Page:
James Dash, Jr., who is unemployed, uses a computer to search for work in Philadelphia (Matt Rourke/AP)

American Unemployment and the Impact on African Americans



A recent holiday cartoon by acclaimed cartoonist Walt Handelsman featured a number of empty gift boxes that were labeled “jobs” and the character in the cartoon was looking inside one of them quite disappointed.

That view reflects the mindset of most regarding the state of American unemployment.  There have been lots of promises regarding job creation wrapped in fancy program titles, but once the pretty paper and decorative bows are removed, the reality that is the rising tide of American unemployment sets in. 

While American unemployment has reached record numbers, it is dwarfed by the even higher rate of unemployment impacting African Americans who do not even have the opportunity or access to open the pretty, yet empty boxes. 

According to Department of Labor figures, while the American unemployment rates were in double digits (approximately 10.2 percent in October 2009), the figure for African Americans was closer to 16 percent (approximately  15.7 percent).  This has caused much concern as the issues regarding just how and when these jobs will be created and who will benefit.

According to reports in the Associated Press, the Federal Reserve does not fully expect the economic recovery will be strong enough to drive down the jobless rate quickly.  Currently, many mainstream media outlets have begun efforts to attack President Obama’s plans to increase job opportunities overall, by infusing the discontent within the African American community.  Organizational leaders including Rev. Al Sharpton of the National Action Network and Marc Morial of the National Urban League have been working aggressively to keep the main issues regarding American unemployment and the impact on African Americans in the forefront. 

Morial recently sent a detailed letter and program outline to President Obama who stepped up his job creation agenda in light of the increase in American unemployment.  Morial was quoted from his letter in the Baltimore Afro-American as saying that, “More than one out of every three unemployed worker has been out of a job for six months or more. The situation facing African Americans and Latino workers is even bleaker.” 

While Rev. Sharpton has made it clear on various media outlets including “Larry King Live” and his own radio show that he may not agree with all of President Obama’s policies, he is willing to work with the President who inherited a bad situation and has been trying “to clean up a lot of mess in a number of areas that he inherited from previous administrations.”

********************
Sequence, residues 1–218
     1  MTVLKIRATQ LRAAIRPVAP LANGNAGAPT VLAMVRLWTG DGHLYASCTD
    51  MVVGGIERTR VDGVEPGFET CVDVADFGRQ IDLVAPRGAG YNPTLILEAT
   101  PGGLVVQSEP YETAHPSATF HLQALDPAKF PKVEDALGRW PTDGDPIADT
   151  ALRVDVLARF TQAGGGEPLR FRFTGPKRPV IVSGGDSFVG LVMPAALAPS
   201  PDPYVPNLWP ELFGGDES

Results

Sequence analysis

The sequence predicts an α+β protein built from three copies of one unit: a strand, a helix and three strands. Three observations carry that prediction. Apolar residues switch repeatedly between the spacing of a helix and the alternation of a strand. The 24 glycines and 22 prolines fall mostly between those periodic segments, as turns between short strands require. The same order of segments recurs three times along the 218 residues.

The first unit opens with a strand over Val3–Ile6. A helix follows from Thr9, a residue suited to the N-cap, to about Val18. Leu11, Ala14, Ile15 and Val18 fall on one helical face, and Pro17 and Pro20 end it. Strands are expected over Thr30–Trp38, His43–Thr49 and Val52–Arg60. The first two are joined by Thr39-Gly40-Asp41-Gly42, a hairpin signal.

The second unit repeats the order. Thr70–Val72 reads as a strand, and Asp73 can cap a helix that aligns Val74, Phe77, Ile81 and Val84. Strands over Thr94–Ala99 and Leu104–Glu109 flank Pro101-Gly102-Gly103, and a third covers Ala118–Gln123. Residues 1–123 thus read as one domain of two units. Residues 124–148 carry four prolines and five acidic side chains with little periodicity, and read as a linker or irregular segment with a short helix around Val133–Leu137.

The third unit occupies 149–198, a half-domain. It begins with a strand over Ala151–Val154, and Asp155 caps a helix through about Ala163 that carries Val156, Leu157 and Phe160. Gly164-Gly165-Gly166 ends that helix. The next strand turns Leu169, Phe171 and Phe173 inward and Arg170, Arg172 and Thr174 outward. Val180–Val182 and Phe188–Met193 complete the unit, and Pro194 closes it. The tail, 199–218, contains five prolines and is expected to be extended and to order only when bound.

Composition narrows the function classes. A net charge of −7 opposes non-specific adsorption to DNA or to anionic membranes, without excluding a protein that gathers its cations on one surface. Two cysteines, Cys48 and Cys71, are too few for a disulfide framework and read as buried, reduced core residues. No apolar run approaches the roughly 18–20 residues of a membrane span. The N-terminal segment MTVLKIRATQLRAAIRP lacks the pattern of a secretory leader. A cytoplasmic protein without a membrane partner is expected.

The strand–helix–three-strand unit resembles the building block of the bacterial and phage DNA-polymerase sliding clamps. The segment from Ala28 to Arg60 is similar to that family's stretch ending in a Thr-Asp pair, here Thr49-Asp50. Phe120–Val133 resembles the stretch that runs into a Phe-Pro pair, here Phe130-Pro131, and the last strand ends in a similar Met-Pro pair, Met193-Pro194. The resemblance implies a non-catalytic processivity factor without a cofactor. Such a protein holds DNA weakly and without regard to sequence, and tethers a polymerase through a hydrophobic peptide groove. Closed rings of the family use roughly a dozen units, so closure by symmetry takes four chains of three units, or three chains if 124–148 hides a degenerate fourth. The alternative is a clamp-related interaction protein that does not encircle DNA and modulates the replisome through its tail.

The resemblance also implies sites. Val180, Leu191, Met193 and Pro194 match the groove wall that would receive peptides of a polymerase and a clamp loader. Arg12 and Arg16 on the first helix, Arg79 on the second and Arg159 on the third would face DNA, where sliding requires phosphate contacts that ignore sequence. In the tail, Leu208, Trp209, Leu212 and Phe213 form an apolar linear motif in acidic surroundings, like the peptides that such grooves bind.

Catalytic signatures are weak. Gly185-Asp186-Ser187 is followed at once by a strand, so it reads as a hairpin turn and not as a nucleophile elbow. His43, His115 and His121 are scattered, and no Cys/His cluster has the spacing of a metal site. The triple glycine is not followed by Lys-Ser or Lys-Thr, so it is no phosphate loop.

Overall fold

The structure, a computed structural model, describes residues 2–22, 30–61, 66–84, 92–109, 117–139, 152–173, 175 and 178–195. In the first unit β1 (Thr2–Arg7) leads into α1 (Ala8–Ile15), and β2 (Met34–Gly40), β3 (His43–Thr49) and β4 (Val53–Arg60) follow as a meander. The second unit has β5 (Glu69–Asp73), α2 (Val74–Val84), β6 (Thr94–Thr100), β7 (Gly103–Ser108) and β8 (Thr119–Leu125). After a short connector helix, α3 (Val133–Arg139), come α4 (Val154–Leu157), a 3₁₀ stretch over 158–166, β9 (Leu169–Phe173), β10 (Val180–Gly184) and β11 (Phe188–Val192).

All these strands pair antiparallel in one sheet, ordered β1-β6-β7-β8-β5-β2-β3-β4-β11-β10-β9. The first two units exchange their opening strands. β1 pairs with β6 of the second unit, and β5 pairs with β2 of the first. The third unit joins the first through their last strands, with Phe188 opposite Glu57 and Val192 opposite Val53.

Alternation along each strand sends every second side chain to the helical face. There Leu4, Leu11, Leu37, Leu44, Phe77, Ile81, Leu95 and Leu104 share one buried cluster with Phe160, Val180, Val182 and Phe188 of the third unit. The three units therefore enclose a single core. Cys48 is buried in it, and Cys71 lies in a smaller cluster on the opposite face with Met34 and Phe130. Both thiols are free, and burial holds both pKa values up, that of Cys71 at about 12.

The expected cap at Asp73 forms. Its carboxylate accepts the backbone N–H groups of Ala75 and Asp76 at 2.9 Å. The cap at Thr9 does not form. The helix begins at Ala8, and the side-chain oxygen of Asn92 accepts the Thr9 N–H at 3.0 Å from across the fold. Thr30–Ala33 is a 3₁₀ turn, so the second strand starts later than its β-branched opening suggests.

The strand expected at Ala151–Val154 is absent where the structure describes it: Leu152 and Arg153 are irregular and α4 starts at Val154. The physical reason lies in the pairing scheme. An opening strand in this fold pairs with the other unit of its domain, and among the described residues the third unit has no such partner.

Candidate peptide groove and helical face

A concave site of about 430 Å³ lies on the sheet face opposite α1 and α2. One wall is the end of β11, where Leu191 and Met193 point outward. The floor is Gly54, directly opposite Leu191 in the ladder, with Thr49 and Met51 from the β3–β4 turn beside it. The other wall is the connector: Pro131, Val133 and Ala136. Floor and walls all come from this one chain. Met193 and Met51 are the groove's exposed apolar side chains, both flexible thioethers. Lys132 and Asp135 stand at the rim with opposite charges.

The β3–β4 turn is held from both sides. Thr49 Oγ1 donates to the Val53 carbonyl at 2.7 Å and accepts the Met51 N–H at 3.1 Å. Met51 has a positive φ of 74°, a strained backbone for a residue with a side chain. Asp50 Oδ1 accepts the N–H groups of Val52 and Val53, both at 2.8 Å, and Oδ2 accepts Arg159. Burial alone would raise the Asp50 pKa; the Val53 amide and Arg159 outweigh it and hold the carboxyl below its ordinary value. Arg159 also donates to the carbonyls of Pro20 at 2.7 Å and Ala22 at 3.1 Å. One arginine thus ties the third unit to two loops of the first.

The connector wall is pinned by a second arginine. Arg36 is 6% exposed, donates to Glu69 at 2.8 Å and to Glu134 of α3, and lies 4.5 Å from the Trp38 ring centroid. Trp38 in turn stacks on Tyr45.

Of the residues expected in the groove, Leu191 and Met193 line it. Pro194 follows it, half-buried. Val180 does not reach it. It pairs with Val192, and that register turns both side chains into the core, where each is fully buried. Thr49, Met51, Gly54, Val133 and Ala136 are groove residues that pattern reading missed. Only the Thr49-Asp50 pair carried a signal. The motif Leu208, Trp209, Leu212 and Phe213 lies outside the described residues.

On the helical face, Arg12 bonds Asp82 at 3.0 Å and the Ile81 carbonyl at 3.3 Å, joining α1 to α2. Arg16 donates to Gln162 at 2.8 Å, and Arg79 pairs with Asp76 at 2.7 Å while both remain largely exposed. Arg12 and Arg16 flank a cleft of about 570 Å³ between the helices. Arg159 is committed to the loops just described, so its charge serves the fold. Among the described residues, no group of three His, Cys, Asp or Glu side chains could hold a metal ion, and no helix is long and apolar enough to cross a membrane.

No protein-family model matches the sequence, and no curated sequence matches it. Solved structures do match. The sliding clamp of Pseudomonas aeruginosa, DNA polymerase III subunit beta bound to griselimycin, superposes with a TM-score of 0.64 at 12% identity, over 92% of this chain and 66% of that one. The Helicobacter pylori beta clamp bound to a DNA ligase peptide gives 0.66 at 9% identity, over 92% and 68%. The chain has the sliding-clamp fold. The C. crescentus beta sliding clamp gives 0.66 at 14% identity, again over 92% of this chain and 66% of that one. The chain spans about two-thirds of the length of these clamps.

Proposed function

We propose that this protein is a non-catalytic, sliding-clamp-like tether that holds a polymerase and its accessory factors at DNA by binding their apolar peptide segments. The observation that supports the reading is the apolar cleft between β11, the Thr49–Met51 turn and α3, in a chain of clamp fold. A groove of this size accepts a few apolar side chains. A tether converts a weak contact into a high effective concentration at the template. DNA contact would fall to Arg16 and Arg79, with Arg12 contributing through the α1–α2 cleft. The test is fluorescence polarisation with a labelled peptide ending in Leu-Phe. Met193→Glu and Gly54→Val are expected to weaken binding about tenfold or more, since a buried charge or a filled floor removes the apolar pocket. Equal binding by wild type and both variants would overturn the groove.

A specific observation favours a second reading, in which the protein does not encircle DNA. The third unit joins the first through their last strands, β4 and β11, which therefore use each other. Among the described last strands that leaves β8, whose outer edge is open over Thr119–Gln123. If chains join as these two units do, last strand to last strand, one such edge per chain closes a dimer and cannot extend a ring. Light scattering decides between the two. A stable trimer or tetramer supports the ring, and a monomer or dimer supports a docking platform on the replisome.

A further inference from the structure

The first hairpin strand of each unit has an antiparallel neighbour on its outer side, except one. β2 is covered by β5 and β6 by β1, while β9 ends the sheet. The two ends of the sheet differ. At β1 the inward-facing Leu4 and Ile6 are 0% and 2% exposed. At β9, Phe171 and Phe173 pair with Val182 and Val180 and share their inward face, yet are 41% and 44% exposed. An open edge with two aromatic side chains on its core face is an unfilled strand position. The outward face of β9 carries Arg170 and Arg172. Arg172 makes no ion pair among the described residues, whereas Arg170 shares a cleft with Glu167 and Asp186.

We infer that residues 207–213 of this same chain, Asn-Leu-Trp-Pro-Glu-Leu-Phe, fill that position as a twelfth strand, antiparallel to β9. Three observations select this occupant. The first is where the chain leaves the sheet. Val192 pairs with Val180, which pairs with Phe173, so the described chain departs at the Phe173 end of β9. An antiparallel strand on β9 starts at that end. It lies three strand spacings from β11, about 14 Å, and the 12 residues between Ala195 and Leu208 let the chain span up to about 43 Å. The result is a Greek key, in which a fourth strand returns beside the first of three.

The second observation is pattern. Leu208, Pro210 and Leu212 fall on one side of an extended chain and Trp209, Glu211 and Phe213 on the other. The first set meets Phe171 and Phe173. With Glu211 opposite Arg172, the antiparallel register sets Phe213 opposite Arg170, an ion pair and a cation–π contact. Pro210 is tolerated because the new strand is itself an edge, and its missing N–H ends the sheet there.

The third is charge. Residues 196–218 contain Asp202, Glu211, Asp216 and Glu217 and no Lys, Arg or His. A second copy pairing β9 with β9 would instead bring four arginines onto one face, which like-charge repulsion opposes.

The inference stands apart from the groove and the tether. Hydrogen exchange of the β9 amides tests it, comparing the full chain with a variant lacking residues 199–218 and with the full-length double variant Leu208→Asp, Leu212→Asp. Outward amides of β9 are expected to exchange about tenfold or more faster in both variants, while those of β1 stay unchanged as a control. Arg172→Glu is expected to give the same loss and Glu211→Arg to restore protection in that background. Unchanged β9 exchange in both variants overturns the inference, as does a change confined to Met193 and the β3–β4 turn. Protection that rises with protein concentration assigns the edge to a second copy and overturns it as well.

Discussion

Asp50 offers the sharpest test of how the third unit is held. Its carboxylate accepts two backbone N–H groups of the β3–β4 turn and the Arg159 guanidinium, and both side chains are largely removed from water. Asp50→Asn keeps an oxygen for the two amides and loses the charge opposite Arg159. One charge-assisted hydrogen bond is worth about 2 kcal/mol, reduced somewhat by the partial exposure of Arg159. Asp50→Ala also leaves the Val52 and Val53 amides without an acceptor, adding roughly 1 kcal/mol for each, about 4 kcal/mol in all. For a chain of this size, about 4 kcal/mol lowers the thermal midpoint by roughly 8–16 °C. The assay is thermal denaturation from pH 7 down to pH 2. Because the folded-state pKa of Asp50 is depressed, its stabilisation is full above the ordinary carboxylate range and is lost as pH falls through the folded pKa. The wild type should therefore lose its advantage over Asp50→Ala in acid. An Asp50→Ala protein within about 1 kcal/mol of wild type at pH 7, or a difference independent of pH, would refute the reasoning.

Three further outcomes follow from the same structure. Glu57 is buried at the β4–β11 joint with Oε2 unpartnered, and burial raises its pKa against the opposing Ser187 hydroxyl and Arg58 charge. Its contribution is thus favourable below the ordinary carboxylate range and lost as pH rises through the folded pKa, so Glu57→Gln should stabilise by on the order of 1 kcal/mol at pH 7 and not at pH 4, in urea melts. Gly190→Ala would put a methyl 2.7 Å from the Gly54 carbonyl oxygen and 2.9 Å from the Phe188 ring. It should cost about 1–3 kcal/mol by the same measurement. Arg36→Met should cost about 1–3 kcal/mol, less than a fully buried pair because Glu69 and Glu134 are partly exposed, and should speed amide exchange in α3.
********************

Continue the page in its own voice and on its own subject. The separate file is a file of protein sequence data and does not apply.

One area that remains underserved within the African American community and could be instrumental in addressing American unemployment is entrepreneurship.  With small businesses representing over 80 percent of the American economy and a major job creator, serious support given towards developing small businesses would help to bring down the unemployment rate.

The state of Maryland recently launched the Minority Business University initiative to provide a forum for minority and women-owned businesses to identify areas to build and grow their operations, especially in the area of financing.  Lack of access to capital has long been the death knell for minority businesses. Now, with federal directives in place for the major lending institutions, who were backed by taxpayer dollars, to become better community partners there is hope for small, minority-owned businesses to have an opportunity to get the assistance they need to see their dreams become a reality.  

There is no one solution to American unemployment, but the recovery process has to start somewhere. Maybe this time next year, the holiday cartoon by Handelsman will feature gift boxes that will highlight new businesses, more jobs and happy, diverse faces.  It is the holiday season after all…we can still believe in a thing called hope (Helping Others Provide Employment).

Mereday is a contributing writer for Regal Black Men’s Magazine.


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